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Five SEAS Computer Science Students Named 2012 Siebel Scholars

Harvard School of Engineering and Applied Sciences

September 9th 2011

Siebel Scholars program recognizes outstanding students from the world’s most prestigious graduate schools

Palo Alto, Calif. - September 9, 2011 - Five students dedicated to the study of computer science at the Harvard School of Engineering and Applied Sciences (SEAS) were named among the recipients of the 2012 Siebel Scholars awards.

Dimitrios Antos (Ph.D. candidate); Uri Braun (Ph.D. candidate); Loren McGinnis '11 (A.B./S.M. candidate); Kalyan Sunkavalli (Ph.D. candidate); and Benjamin Zagorsky '12 (A.B./S.M. candidate) will all receive a $35,000 award for their final year of graduate studies.

The SEAS-affiliated students in computer science are among other honorees hailing from Carnegie Mellon University, MIT, Stanford University, Tsinghua University (China), the University of Illinois at Urbana-Champaign, and the University of California, Berkeley.

Siebel Scholars are selected from among students who rank in the top of their class and are chosen by the deans of their respective schools on the basis of outstanding academic achievement and demonstrated qualities of leadership.

SEAS' Dean Cherry A. Murray will host a reception for the winners later in the fall.

In addition, the new scholars, along with all of the past scholars, will convene on October 14-16, 2011, at the Howard Hughes Medical Institute in Ashburn, Virginia, to explore the science, applications, benefits, and risks of synthetic biology with world-renowned experts in bioengineering, medicine, computer science, policy, and philosophy.

Attendees will explore the potential advances synthetic biology can bring to society, as well as discuss and debate the moral and ethical implications of these solutions, in the hope of creating a framework with which to evaluate and prioritize these technological innovations.


Dimitrios Antos (Ph.D. candidate)

Dimitrios Antos' research addresses fundamental issues in artificial intelligence and human-computer interaction. In particular, he uses cognitive mechanisms associated with human emotions to inspire the design of novel, efficient algorithms for computer decision making and machine learning. He holds an M.S. in computer science and economics from Athens University of Economics and Business.
Uri Braun (Ph.D. candidate)
Uri Braun researches security for graph-structured data. He has spent summers as a researcher at IBM Haifa, IBM Almaden, and MITRE. Prior to attending graduate school, he worked for 4 years at EMC's Symmetrix kernel research and development group. He completed his undergraduate studies at Worcester Polytechnic Institute.
Loren McGinnis '11 (A.B./S.M. candidate)
Loren McGinnis' academic interests include data management and software systems. His research has involved storing, compressing, and querying provenance data for Harvard Forest. For three years, Loren has been working part-time as a software developer and systems engineer for Clearwater Analytics.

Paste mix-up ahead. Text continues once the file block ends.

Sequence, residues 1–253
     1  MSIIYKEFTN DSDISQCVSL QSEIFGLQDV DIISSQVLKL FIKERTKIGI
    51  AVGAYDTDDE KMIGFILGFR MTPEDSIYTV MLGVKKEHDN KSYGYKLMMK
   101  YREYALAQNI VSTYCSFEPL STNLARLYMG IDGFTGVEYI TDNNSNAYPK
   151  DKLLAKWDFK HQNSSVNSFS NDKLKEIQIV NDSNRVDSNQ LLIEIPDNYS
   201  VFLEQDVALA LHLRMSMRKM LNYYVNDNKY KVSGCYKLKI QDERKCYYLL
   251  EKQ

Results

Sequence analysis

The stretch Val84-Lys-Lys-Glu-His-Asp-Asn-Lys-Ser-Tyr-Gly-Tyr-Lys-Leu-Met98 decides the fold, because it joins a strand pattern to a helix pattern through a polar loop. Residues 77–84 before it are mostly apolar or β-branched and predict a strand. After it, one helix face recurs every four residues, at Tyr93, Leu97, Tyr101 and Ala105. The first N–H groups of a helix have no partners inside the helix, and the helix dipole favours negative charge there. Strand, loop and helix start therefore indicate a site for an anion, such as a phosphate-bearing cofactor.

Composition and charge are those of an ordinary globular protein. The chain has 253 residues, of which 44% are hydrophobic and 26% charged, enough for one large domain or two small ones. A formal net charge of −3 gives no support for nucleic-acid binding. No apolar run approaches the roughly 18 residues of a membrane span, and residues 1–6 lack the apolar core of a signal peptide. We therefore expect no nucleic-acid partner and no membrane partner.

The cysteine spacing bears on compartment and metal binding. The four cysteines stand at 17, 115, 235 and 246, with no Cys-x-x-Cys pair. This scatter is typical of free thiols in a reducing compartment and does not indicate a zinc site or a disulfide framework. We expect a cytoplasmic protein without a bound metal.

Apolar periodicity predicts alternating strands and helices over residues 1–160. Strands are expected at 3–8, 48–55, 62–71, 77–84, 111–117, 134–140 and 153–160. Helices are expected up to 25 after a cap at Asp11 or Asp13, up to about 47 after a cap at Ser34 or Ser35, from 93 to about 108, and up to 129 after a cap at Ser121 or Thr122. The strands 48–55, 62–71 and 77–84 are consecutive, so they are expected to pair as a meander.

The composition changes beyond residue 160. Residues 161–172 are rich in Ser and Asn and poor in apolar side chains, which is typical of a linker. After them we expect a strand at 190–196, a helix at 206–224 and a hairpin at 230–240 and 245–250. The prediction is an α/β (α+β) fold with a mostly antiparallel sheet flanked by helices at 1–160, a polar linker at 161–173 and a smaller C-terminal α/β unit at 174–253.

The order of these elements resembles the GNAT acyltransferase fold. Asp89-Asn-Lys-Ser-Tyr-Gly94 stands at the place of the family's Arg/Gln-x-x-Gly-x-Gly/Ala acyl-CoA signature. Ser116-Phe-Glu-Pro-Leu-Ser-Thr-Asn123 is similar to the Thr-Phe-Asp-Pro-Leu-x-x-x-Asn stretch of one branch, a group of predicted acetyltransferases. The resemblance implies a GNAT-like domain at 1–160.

Kalyan Sunkavalli (Ph.D. candidate)
Kalyan Sunkavalli is pursuing research in computer vision, image processing, and computer graphics. His specific area of focus is on understanding the different aspects of visual appearance and building tools to easily analyze and edit them in images and videos. He received his Bachelor of Technology in Electrical Engineering from the Indian Institute of Technology, New Delhi, and his Master's in Computer Science from Columbia University. Kalyan has worked as a Research Fellow at the Indian Institute of Science and as a research intern at Mitsubishi Electric Research Labs, Adobe Research, and Microsoft Research.
Benjamin Zagorsky '12 (A.B./S.M. candidate)
Ben Zagorsky has been involved with a wide range of computer science research. Two summers ago, he worked for Cornell Medical School on clustering algorithms for digital imaging and radiology. While attempting to design a new algorithm, he reinvented Parzen Estimation and devoted the rest of the summer to its analysis. The following summer, he worked at Google, and the next with SEAS Professor and Harvard CTO Jim Waldo on networking and timing aspects of a multiplayer strategy game. He currently works at Seven Bridges Genomics, a software start-up working on gene sequencing applications.
About the Siebel Scholars Foundation
The Siebel Scholars program was founded in 2000 to recognize the most talented students at the world’s leading graduate schools of business, computer science, and bioengineering and to form an active, lifelong community among an ever-growing group of leaders.
Today, more than 700 of the world’s brightest minds are Siebel Scholars. This exceptional group has the unique opportunity to directly influence the technologies, policies, and economic and social decisions that shape the future.
Siebel Scholars serve as key advisers to the Siebel Foundation, guiding the development of the innovative programs the Foundation initiates.
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